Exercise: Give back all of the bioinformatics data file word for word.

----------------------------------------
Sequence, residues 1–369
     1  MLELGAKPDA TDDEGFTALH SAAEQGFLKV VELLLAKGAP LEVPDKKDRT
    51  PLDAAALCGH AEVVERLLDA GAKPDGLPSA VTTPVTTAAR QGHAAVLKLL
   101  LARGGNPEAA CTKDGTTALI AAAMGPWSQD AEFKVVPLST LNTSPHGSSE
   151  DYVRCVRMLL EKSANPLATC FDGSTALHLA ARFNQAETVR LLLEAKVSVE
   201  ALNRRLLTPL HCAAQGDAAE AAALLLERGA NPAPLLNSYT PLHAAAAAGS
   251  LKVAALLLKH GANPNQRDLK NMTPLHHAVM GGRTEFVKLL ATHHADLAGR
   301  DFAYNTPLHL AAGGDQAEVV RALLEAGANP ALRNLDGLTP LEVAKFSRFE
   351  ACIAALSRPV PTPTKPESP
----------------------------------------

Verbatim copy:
Sequence, residues 1–369
     1  MLELGAKPDA TDDEGFTALH SAAEQGFLKV VELLLAKGAP LEVPDKKDRT
    51  PLDAAALCGH AEVVERLLDA GAKPDGLPSA VTTPVTTAAR QGHAAVLKLL
   101  LARGGNPEAA CTKDGTTALI AAAMGPWSQD AEFKVVPLST LNTSPHGSSE
   151  DYVRCVRMLL EKSANPLATC FDGSTALHLA ARFNQAETVR LLLEAKVSVE
   201  ALNRRLLTPL HCAAQGDAAE AAALLLERGA NPAPLLNSYT PLHAAAAAGS
   251  LKVAALLLKH GANPNQRDLK NMTPLHHAVM GGRTEFVKLL ATHHADLAGR
   301  DFAYNTPLHL AAGGDQAEVV RALLEAGANP ALRNLDGLTP LEVAKFSRFE
   351  ACIAALSRPV PTPTKPESP